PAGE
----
On a regular basis we are all overwhelmed by horrific stories of abuse and neglect of children. It seems incomprehensible that such atrocities can happen in our community. The sad reality is that no matter what is being done to prevent the abuse and neglect of children some persistent factors–poverty, addiction, poor education, and a lack of job opportunities– undermine efforts to support families, keep children safe, and more importantly position them to thrive.
In addition to the variables mentioned above, the child welfare system itself is overwhelmed and in many instances ineffective. Lack of early intervention for families at risk for abuse and neglect is insufficient. Prevention strategies are more reactive than integrated into a seamless system of care. Resources needed to support essential services are inadequate, driven by a mantra of doing more with less. The end result is that most vulnerable children, youth, and families are at risk of being irreparably harmed in spite of the good intentions of the social services system.
April is Child Abuse Prevention Month and a time for us as a society to examine the risks and harms some children endure and what we can do collectively and individually to break the cycle of abuse that has a hold on the most vulnerable. The answer is not just better policy or smarter use of limited resources, but creating communities that care about their children and support a safety net of informal and formal relationships that keeps them from harm.
For many generations, child welfare was a system driven by good intentions that provided a great refuge for children. To this day, we enjoy visits from former residents who tenderly recall the lasting impact Hillsides had on their lives. As grateful as they may be, they inevitably mention their family and the loss experienced because of the separation from them. For some, reconciliation has been achieved and for others, it is still a lament but regardless family is important. More studies point to how pivotal family is to the long-term well-being of children in the foster care system.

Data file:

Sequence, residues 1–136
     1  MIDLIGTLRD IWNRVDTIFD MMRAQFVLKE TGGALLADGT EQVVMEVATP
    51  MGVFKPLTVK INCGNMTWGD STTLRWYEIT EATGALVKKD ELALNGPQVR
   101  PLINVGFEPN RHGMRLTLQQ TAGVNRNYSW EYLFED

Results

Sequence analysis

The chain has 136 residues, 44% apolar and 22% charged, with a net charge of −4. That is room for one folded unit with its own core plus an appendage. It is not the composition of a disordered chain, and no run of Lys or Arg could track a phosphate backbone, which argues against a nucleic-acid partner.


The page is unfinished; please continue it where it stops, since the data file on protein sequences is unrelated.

Recent reform measures have been introduced in California that will have a dramatic impact on the foster care system over the next decade. In particular, Continuum of Care Reform (AB 403) is new legislation that took effect in January, 2016, which is oriented to preserving families and keeping children safe. In addition, the legislation assembles a spectrum of services that breaks the cycle of failed foster home placements with effective treatment driven by the need to create stability for the most vulnerable children and their families.
These reforms call for a multi-service approach that use proven treatment programs to keep children safe and in their community and, if possible, with their families. The availability of a robust set of community-based services that interfaces easily with schools, emergency rooms, public safety, civic organizations, and faith communities is essential for the success of these reform efforts. Funding for outreach, prevention services, and early intervention is also indispensable. For the majority of children and families, these efforts will go a long way in preventing traumatic separations while valuing the role family plays in ensuring the well-being of their children. For those who require a greater level of care, these reform measures call for short-term residential treatment programs where assessments can be conducted and long-term plans for the stable restoration of the family can be developed. As part of the effort to reduce stays in residential treatment, resource homes (formerly called foster homes) become a great alternative. These are specially trained resource families available to care for youth in a less restrictive environment while professional staff work with the youth’s families until reunification can be achieved.
This model of care is a refreshing solution to the ineffective system of care that inconsistently addresses the needs of children and youth in foster care. This vision hopefully will be more effective in developing long-term, family and child-oriented solutions to the dysfunction and trauma that have been experienced. In this regard, studies have shown that this approach significantly mitigates the risk of abuse and neglect. Noting these reforms during this month when we raise awareness regarding abuse and neglect of children offers hope to a broken system. These reforms may actually have the intended impact of restoring hope and well-being to the children, youth, and families served in foster care.